Retired people are on the move. They’re going to resorts, towns and cities where their children and grandchildren live or, simply, to locations with a lower cost of living. And they’re not just visiting – they’re staying.
This relocation is in sharp contrast to generations ago, when it was common for a person to be born, live and die in the same community. This was the case for both of my parents and my wife’s parents.
But times have changed. Improved standards of living, better health and the increased mobility of their children have caused many couples to reconsider where they live when they retire. The trend started in the 1980s and 1990s, took a break during the recent recession, but now has reappeared.
North Carolina has been on the receiving end of many of these “on the move” retirees, and the reasons for this are many. We’re a state with a warmer and milder climate than many others – especially compared to states in the North and Midwest. Older people seem to tolerate heat better than cold; I know that has been the case for me. Plus, severely cold winters with heavy snow and ice can be especially dangerous for elderly people who have experienced deterioration in their walking and balance.
North Carolina also has a lower cost-of-living – about 5 percent lower than the national average and even more compared to some of the big states of the Northeast. So retired households will find their dollar stretches farther in our state, especially for housing.
Then, of course, North Carolina has been one of the fastest growing states during the last three decades. Even in the recent four years as the economy has recovered from the Great Recession, payroll jobs have increased faster in North Carolina than in the nation. So for those retired couples who are moving to states where their children work, North Carolina has more of those potential connections today than in the past.
While the migration of retired households can be interesting as a social and demographic phenomenon, it can also have important economic implications. Attracting retired households can be a form of economic development. Broadly speaking, economic development occurs when “outside” money comes into the local area. Usually this happens because the local area makes something – a product or a service – and sells it to an “outside” buyer. Thus, economic development occurs when the local farmer raises corn and sells it to a processor several counties or states away. But economic development also happens when tourists from other counties, states or countries visit – and spend money – at the local attractions.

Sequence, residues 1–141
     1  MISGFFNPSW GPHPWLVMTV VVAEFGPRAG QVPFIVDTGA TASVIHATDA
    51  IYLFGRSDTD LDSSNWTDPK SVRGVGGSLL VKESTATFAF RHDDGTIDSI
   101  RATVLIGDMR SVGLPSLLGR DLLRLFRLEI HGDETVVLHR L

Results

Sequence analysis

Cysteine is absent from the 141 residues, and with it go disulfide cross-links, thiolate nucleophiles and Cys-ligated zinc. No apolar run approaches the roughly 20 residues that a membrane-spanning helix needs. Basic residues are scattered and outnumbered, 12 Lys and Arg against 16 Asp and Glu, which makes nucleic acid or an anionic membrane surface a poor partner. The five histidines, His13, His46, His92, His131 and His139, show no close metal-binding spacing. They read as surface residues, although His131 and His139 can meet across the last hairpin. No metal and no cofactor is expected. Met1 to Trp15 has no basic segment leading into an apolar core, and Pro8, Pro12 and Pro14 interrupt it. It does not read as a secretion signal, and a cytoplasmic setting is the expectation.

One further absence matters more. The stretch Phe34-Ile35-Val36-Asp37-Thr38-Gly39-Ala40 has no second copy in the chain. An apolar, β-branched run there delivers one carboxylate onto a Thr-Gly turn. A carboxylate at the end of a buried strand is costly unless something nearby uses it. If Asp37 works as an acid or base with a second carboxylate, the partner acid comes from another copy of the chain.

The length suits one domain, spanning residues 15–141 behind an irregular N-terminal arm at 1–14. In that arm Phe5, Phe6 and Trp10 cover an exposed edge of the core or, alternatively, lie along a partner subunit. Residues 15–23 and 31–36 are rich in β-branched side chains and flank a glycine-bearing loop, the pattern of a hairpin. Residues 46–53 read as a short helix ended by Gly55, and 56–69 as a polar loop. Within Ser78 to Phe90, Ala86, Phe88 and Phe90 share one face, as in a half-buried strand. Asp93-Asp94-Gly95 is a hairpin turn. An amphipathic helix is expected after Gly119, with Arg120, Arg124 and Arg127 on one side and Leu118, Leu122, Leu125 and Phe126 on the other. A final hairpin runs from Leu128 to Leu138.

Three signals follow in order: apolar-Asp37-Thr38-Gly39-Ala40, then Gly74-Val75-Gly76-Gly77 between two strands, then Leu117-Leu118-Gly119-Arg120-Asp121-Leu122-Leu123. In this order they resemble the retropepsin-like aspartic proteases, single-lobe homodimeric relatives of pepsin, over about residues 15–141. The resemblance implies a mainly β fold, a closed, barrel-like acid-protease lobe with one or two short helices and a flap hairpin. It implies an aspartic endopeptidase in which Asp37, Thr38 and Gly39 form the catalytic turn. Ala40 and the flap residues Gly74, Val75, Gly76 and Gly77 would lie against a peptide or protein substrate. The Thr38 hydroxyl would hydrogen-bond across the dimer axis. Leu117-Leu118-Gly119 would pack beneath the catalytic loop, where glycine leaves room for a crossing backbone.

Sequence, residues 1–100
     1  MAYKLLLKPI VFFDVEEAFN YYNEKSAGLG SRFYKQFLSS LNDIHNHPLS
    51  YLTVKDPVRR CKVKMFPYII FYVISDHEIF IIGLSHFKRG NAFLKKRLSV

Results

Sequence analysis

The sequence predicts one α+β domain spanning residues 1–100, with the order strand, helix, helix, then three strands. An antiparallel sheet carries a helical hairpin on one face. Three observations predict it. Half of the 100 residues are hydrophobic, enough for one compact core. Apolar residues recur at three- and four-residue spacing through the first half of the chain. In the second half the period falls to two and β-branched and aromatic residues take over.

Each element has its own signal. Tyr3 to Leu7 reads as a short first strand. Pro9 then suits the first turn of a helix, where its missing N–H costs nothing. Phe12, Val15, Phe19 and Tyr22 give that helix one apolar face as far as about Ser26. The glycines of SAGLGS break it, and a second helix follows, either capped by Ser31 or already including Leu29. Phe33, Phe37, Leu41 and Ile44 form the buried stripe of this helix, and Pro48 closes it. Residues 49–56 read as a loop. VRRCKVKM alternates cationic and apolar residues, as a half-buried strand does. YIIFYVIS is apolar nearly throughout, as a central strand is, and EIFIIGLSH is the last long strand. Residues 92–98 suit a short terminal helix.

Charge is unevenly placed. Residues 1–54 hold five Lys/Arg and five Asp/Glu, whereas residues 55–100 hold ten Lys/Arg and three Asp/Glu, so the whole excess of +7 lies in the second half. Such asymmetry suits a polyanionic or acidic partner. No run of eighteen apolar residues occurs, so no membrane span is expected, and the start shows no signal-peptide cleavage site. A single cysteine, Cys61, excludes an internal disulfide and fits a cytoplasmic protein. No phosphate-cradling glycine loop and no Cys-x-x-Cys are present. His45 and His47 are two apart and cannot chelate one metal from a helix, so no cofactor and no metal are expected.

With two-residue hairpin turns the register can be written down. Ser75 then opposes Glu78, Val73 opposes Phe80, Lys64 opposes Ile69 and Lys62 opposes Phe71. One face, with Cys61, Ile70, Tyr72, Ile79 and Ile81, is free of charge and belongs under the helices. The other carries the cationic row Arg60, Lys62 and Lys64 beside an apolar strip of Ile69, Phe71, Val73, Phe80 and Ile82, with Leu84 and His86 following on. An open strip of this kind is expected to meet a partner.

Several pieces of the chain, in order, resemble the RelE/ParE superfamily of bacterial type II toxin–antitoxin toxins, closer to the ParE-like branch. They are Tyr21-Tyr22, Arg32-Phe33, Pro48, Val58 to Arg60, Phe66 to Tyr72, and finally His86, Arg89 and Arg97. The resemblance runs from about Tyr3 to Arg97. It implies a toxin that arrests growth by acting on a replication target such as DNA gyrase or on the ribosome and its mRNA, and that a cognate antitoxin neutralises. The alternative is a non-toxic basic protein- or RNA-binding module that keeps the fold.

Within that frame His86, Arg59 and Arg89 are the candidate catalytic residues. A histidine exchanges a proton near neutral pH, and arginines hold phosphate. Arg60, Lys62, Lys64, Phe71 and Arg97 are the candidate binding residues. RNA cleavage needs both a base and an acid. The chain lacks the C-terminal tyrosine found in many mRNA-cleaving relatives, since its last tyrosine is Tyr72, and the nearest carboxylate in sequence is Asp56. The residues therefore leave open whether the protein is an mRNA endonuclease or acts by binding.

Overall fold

When retirees move to a local area, they bring with them their savings, pension, Social Security and eligibility for the federal Medicare program. All of these funds generate new spending and new jobs. Indeed, a study looking at the migration of elderly households to Southeastern states, including North Carolina, found a uniformly positive association between them and job growth, particularly for non-metropolitan or rural counties that had been struggling economically.
Another study examined what features of a local area were most attractive to retired households. Warm weather and amenities like golf courses, marinas and hiking trails led the list. Interestingly, in-migrating retirees did not prefer areas with large commercial amusements attractions, and overall, retirees preferred locations offering summer activities over winter activities.
Some people have expressed one major concern about efforts to bring retirees to a locality. Some call it the “gray peril.” The issue is whether retirees, who in most cases do not have school-age children, will support local public education funding. Without school-age children of their own, retirees might not see the need to support local taxes to pay for new or improved school buildings, teacher-pay supplements and other educational programs. And if local education lacks support, many worry about the consequences for economic improvement.
The current research suggests the “gray peril” does not occur. Careful studies show that elderly households – especially in rural areas – are just as likely to support educational funding as non-elderly households. Perhaps this is because they perceive their quality of life to be tied to the success of local education. Or maybe it’s because elderly households are looking out for the educational opportunities for grandchildren who might be living in the area.
In today’s challenging economy, localities are looking for ways to boost jobs and economic opportunities. This is even truer in rural regions, which have typically lagged metro areas in economic growth. You decide if there’s both green and gold in trying to bring those with gray hair into your community.
Dr. Mike Walden is a professor and N.C. Cooperative Extension economist in N.C. State University’s College of Agriculture and Life Sciences. He teaches and writes on personal finance, economic outlook and public policy.